1 in a million with two games

Actually might be 1 and a million

Same here as well


Tell me if you think this might be a million
Take a pic


Both games would average out to one chance in a million to win, yes. For the first one, you’re nesting three 1% chance conditions. That’s 1/100 x 1/100 x 1/100, which is 1/1,000,000.

For the second one, you’re pulling numbers that range between 1 and 1,000,000. There is roughly[1] one chance in a million to pull any single number, so, yes, there is one chance in a million that the numbers will match.

For the first game, you could simplify the logic a little bit:

For the second game, you’re only interested in comparing the two numbers when value2 changes, so you don’t need that comparison in the on game update loop. You only need to check when value2 changes:

Nice work! That was a lot of fun! No, I didn’t win in either game. :slight_smile:

[1] For those who dig a little deeper, MakeCode Arcade, I believe, relies on JavaScript’s math.random() function which, according to Mozilla, is a pseudo-random generator that approximates uniform distribution: https://developer.mozilla.org/en-US/docs/Web/JavaScript/Reference/Global_Objects/Math/random

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Thanks @AlexK! The changes in the game sound better. I’m someone who is usually on the safe side. I tried making a 1 in a million game about in July I believe. Thanks for the feedback! I feel like I’m over doing it but thanks for simplifying it!

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Honestly like short games with short code or long games with long code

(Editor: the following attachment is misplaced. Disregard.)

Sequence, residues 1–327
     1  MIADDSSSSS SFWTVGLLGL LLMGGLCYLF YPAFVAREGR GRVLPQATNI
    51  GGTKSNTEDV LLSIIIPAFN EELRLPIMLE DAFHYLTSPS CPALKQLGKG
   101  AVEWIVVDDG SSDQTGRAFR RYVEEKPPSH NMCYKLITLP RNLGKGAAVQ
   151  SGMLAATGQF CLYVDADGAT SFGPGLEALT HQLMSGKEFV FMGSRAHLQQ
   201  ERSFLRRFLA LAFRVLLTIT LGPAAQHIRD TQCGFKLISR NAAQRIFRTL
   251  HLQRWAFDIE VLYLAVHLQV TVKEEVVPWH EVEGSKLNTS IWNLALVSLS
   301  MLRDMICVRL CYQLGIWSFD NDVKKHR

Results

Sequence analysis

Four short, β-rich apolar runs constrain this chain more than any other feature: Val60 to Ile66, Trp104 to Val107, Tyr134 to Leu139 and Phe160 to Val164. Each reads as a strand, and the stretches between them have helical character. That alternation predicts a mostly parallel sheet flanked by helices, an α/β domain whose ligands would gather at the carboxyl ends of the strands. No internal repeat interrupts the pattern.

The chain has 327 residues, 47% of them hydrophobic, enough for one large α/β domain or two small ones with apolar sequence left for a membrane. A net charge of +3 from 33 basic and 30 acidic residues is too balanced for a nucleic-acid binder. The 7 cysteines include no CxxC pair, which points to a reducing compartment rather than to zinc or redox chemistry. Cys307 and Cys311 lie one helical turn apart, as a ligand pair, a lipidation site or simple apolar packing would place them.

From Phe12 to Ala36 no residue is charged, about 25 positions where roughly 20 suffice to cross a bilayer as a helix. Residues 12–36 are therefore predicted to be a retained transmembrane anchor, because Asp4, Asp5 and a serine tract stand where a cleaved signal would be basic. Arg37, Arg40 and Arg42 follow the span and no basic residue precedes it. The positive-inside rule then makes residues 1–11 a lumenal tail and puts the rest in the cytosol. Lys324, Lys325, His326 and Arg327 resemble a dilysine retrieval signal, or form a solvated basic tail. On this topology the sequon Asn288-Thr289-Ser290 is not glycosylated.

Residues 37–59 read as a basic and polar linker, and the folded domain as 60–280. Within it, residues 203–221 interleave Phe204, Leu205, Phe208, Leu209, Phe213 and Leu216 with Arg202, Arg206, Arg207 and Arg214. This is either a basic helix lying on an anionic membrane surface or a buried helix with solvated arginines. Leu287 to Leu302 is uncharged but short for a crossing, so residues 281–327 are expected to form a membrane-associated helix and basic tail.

Is the first game a template?

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No its the game. Press and hold A to roll and the chances of getting to it is actually 1/1000000

I have a messy desk, and happened to have the necessary parts for a test jig at hand. I’ll let you know how long it takes:

Jeff :slight_smile:


That is the best thing ever! How long do you plan on running that for?

I left it running while I left my office for a bit, and over the course of about an hour, it had tried 15,778 tries without a win. I do need my computer again before the day is out, though, so I stopped it. As fun as mechanical testing is, I think automated testing in software will probably be faster :slight_smile:


Yeah, automated testing will usually be a bit faster :slight_smile: If anyone wants to run it in dev tools, under the ---simulator:

const board = pxsim.board();
let on = true;
setInterval(() => {
    board.setButton(5 /** A **/, on);
    on = !on;
}, 10 /** ms **/);

(just a general note for anyone reading, note that running things in dev tools can be a safety concern if you’re e.g. running something on a site with a log in - it’s best to avoid running any code you do not understand / you didn’t write yourself there / just be cautious in general that you aren’t sending your data to someone or anything of the sort.)


Man everyone is looking for (well I don’t want to say cheats) new ideas to beat this game.


I mean you may not want to say cheats but I’m not against it; name of the gif in my post:


But seriously, I don’t know javascript or python but that is cool! :grinning:

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Big Brains!! I’m not against your javascript but robotics or javascript is a good way to put it.

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Here is the problem with both of your ideas @jwunderl and @FlyingFox, when you spam A, who knows when you will win? Then there is the part where you do win but never get to see the victory

Ah good point, here’s a version that will rain confetti and say you win when it’s over without restarting:

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That solves the A button problem

Have you been leaving it on all night

Question: Does it delete the number you roll after you roll it so you get a higher chance of winning as you go on?